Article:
Portrait of a World Champion

Boris Spassky (30 January 1937)

Boris Spassky

World Champion between 1969 and 1972, Spassky was born in Leningrad in 1937. He learned chess at the age of five and he was regarded as a child prodigy by the age of eleven, when he had attained top class in the Pioneer House in Leningrad. At this club he was first trained by Zak, followed by Tolush. Both his trainers laid the foundation to what was to develop into Spassky's combinational play.

Second place, aged fourteen, in the Leningrad Championship, was followed by his first trip abroad. This was at the Bucharest international tournament in 1953. This was won by Tolush, but at fifteen Spassky had achieved the remarkable result of tieing for fourth place with Boleslavsky and Szabo.

In 1955 he won the World Junior Championship at Antwerp and in the same year he qualified for the Candidates by placing shared 7th at the Gothenburg Interzonal. The following year he made great progress. He tied for first place in the Soviet Championship and shared third in the Amsterdam Candidates tournament.

In 1961, he won the Soviet Championship for the first time and later found his route to the World Championship steadily. In 1964 Spassky qualified for the Candidates and in the following year he defeated Keres, Geller and Tal in successive matches. In the World Title match against Petrosian he narrowly lost by 11.5-12.5. That same year, in 1966, Spassky showed his strength by taking first place in the super tournament at Santa Monica. In 1967 he won at Beverwijk.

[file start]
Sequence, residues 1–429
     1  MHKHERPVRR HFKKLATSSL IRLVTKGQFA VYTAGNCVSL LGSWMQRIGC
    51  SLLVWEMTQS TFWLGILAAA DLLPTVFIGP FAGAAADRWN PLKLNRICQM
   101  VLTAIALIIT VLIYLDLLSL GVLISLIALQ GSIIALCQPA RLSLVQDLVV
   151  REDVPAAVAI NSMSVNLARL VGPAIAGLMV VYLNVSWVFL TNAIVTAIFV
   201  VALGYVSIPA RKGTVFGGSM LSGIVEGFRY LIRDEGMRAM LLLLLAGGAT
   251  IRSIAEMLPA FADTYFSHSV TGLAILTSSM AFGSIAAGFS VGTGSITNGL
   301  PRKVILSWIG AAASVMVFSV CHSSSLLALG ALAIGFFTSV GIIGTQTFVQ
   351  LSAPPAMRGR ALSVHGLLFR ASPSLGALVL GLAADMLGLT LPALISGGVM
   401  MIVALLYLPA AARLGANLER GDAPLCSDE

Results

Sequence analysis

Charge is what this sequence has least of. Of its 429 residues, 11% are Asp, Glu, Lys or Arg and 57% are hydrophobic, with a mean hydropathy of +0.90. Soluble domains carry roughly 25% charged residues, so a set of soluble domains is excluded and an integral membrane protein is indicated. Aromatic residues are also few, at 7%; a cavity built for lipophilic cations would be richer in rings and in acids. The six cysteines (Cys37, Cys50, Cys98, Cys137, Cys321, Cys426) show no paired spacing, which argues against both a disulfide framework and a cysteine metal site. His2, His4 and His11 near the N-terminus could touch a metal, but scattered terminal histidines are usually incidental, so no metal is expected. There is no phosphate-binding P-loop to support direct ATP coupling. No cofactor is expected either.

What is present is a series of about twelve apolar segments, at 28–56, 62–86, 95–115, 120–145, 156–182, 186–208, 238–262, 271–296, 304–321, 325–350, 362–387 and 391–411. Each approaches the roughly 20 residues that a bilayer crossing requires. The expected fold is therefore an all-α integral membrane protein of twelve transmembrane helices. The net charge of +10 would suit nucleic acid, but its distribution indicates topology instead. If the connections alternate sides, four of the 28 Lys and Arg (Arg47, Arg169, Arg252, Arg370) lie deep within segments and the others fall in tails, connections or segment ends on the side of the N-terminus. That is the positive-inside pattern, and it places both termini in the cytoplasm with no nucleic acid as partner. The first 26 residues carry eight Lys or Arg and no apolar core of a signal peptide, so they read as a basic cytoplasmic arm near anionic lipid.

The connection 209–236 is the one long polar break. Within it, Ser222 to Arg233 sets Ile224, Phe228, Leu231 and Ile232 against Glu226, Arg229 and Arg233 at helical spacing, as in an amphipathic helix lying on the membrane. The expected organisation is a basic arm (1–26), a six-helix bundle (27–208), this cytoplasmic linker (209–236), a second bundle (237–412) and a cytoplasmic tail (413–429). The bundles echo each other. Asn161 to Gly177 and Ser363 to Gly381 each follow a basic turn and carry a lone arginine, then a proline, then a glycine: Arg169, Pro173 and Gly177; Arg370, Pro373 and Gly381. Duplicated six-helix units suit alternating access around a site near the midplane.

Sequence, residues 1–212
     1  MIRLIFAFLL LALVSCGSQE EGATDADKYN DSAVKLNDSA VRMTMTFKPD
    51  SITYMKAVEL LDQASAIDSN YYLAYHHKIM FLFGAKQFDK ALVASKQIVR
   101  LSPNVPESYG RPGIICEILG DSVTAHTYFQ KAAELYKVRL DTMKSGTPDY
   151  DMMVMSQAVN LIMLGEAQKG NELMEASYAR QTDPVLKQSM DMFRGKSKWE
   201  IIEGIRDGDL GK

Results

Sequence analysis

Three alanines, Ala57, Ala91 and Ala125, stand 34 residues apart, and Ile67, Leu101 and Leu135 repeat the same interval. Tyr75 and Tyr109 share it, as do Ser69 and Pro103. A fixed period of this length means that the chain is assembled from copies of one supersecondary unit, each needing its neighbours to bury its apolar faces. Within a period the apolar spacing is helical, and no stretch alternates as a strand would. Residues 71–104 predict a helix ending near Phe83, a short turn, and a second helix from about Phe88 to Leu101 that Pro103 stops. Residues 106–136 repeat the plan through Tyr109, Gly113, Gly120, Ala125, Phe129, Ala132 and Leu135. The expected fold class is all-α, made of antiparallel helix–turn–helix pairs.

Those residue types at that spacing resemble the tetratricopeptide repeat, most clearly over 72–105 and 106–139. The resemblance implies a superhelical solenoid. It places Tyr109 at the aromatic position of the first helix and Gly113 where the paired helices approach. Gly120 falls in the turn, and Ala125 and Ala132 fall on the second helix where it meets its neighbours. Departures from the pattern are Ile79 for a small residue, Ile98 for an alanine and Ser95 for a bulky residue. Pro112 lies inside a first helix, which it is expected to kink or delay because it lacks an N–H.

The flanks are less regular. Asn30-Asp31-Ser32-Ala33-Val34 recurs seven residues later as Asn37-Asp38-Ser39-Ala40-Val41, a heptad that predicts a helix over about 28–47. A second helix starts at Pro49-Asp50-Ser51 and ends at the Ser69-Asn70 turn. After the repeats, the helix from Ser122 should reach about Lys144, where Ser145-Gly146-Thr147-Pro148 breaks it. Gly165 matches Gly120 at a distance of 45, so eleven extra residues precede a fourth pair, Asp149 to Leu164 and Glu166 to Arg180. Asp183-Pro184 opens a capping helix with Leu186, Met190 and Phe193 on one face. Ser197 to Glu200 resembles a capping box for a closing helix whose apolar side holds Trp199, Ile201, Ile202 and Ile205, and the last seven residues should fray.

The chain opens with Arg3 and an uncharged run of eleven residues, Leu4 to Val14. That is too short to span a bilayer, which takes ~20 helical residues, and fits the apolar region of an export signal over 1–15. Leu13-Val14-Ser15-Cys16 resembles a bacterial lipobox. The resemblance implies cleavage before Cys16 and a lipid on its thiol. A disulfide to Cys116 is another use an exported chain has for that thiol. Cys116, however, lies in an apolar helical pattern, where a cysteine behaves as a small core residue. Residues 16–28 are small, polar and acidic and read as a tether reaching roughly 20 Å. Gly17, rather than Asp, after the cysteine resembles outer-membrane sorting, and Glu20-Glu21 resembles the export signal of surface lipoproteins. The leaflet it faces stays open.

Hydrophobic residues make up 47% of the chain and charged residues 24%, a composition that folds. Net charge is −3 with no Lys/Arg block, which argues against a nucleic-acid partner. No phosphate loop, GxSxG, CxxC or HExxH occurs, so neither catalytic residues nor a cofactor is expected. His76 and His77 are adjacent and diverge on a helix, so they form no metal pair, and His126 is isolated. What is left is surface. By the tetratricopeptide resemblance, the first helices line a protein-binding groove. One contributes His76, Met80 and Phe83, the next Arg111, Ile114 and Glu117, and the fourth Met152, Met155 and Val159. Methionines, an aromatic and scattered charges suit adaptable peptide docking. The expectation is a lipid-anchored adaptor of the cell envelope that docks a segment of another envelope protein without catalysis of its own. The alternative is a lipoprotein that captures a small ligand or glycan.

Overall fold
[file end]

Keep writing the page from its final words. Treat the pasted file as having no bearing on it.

He reinstated his claim as the top player in the World by fighting his way again through the Candidates. In 1968, he beat Geller, then Larsen and finally Kortschnoj, winning the latter match by the fine score of 6.5-3.5. In 1969 he wrestled the World Title from Petrosian by defeating him 12.5-10.5.

In 1972, Spassky was to defend his title against Fischer. In the midst of conflicting negotiations and demands, Spassky conceded his rights, and won the admiration of the chess world. His generosity, however, cost him the World Title and in 1972 Fischer triumphed against the Soviet supremacy of chess.

In 1976, he took up residency in France with his third wife, and he became a French citizen in 1978. He has competed for France in Olympiads. He scored some successes in tournaments up until 1988, but his performance in the World Cup events in 1988 and 1989 showed that his opponents had outclassed him.

In 1992, Bobby Fischer, after twenty years in seclusion, resurfaced and arranged a Revenge Match of the 20th century against Spassky in Montenegro and Belgrade. This was a rematch of the 1972 World Championship. Spassky was just below the top 100 in the FIDE rankings. This match was practically Spassky's last major challenge. He lost the match with a score of +5 −10 =15. Spassky later played the young Hungarian female prodigy Judit Polgár in a 1993 match at Budapest, losing narrowly by 4.5–5.5.

Spassky continued to play occasionally through much of the 1990s, such as the Veterans versus Women series. On October 1, 2006, Spassky suffered a minor stroke. On September 23, 2010, Spassky had suffered a more serious stroke that had left him partially paralyzed. After that he returned to France for a long rehabilitation program. On August 16, 2012, Spassky left France for his native Russia under disputed circumstances. Spassky is the oldest living former world champion.

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